Cover Image: Straight Korean Female Fans and Their Gay Fantasies

Straight Korean Female Fans and Their Gay Fantasies

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Member Reviews

I almost decided not to read this book, as the title made me bristle. The notion of straight women fantasising about gay men is a sensational and rather vexed one, and (in my experience) is an over-simplification of the actual situation. In the worlds of both fan fiction (slash) and pro fiction (MM romance), there is a significant representation of readers and authors who do not identify as straight and/or as cis-gender women. And while the characters written and fantasised about are still mostly idealised gay men, there is a slowly growing diversity there as well. 

Personally, I am very aware that people tend to see me as a straight cis-gender woman, but I'm not. I'm queer in both sexuality and gender. Hence I often feel invisible. 

So, I was glad to find that the theme of invisibility can be found throughout this book, for both the straight women and the gay men - who Jungmin Kwon sees as natural allies in a necessary resistance to the conservative hetero-patriarchy of South Korean society. I was also glad to find that Kwon firmly believes that the broader community of fans she's considering are not all straight women. However, her interviewees all identified as such, and therefore she respected that, and did not presume to comment on wider identities unless drawing on material sourced elsewhere. 

Long story short: I got over myself and quit bristling. 

Kwon's book is far more thorough than the title indicates, as she covers economics, politics, 20thC history, culture and consumption, feminism and post-feminism, as well as fandom, and films and television. 

She takes a very thorough look at the subject of fans, and the evolving acceptance of LGBTQ people, in the context of South Korea. Kwon acknowledges that there is still a long long way to go before LGBTQ people are accepted. However, the activity of straight women fans, and the entertainment industry's recognition of them as an audience worth creating for, has been a significant push in the right direction. 

The study begins with fans creating and consuming slash fic, yaoi, and other more indigenous forms of fiction, with a focus on boy bands and other subjects. There is (or was) much fannish appreciation of "flower-boys": androgynous or feminised young men. From around 2005, with the film "The King and the Clown", filmmakers began catering to this perceived desire from women, and included flower-boy main or secondary characters. After all, capitalism is always looking for new markets! 

Gay men were less impressed, and wanted more accurate representation, for example of "poor, senior, and plain-looking gay men". And indeed there have since been instances of LGBTQ representation becoming broader and more realistic.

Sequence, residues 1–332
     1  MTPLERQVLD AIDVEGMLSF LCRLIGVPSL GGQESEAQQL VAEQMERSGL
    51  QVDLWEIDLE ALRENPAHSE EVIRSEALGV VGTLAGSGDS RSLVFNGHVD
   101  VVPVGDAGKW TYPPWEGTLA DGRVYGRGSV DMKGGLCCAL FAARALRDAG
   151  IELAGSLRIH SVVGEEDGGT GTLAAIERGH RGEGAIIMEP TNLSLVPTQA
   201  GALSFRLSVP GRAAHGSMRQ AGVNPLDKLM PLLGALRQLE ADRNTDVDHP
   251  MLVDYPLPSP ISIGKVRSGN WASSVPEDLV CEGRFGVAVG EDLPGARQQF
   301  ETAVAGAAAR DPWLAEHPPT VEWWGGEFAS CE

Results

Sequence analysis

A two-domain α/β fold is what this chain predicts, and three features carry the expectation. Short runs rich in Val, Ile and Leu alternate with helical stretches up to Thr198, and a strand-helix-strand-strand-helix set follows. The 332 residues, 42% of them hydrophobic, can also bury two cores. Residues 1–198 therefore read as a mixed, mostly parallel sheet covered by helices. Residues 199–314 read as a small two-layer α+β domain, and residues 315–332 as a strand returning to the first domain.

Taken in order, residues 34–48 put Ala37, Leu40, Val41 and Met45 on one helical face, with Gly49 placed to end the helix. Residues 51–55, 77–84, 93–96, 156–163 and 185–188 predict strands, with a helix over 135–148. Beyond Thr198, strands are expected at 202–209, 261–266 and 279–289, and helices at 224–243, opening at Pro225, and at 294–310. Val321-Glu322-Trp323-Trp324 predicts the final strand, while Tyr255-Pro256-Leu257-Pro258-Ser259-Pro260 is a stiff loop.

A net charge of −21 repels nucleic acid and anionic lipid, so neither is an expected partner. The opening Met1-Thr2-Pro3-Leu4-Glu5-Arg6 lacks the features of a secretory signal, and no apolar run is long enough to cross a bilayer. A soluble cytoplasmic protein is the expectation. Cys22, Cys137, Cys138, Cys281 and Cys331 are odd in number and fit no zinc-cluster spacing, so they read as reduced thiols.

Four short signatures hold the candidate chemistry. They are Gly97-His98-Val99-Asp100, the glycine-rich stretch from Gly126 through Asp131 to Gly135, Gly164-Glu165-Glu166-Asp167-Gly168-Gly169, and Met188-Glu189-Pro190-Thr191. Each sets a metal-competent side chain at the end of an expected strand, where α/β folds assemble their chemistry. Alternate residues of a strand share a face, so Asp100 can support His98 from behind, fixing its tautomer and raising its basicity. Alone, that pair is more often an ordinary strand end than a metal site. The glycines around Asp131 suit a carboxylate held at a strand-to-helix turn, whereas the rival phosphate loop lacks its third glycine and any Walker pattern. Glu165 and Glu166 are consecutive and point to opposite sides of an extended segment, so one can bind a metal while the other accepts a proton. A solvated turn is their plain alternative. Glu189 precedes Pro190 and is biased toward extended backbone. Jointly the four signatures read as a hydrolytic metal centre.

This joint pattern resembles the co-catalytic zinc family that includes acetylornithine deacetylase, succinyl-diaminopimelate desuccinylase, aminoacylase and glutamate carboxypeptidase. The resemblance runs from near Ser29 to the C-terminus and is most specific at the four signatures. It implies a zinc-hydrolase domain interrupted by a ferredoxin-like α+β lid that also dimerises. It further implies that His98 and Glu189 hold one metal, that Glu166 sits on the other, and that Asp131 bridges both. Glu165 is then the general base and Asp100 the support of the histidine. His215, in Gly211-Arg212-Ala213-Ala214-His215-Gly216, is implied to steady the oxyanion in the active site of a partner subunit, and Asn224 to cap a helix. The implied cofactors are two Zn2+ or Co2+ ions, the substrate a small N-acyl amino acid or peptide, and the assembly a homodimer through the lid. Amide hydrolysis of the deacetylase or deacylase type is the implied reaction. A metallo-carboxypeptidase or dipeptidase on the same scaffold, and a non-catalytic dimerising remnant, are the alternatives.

Interestingly, not only are Koreans seeing more queer characters in film and television, but also more "bromance". I find this an interesting development, as bromance is certainly a genre that can be "safely" surface-read as friendship by a mainstream audience, but which also allows other audience members to read more into the characters and relationships. Certainly my early slash fic very much involved "friends to lovers" tropes developing out of buddy films. In the West, we are now growing tired of perceived "queer-baiting", but in Korea this is all still so new that fans and LGBTQ people are mostly glad for any kind of representation, and perhaps only cavil in private. 

Kwon acknowledges that such developments in both culture and society are still small and rare, and are strongly opposed by many. However, she sees hope for the future, and believes that fans have played a significant role in getting this far. She quotes Larry Gross in considering the power of cultural representation. We can conclude that, while we still have a long way to go, LGBTQ people and women in South Korea have become more visible and hence more powerful - and that cannot be a bad thing.
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I've been curious what ground The King and the Clown ( and A Frozen Flower ( sprang from, under what conditions. Followed more recently by The Handmaiden ( All of which get at least 8/10 from me, probably 9. 

Now I know the context. This book, engagingly written in first person by a fan turned academic, looks at the nexus between homoerotic fanfic written by straight girls, LGBT communities, and the mass entertainment media. It is interesting, first, to see such a similar trajectory, shared issues, with slash fiction in the West. Jungmin Kwon examines too the distinct Korean direction these relationships have taken. Different from Japan where, she reports, for two decades gay spokespeople have been at 'feud' with yaoi or local slash culture, with the latter insisting it is and can be 'apolitical'. Less so Korean fans, who have become responsive to accusations that their fantasy is detached from, and does not help, reality. As for those hit films that found their way around the world, the entertainment industry has cottoned on to the size and resources of the fan market and commercialised their style of stories, with the result of a steep rise in visibility for gay lives. It was still hard for the author to locate gay men to interview, but she found them quite positive towards this women-driven 'gay boom'. In her own voice, Kwon ends with the hope and belief that straight women fans and LGBT communities in Korea can do a lot in allyship. Fanfic was a way to escape the patriarchy, for women to acquire agency. Women and gay people belong in the trenches together, Kwon is sure.
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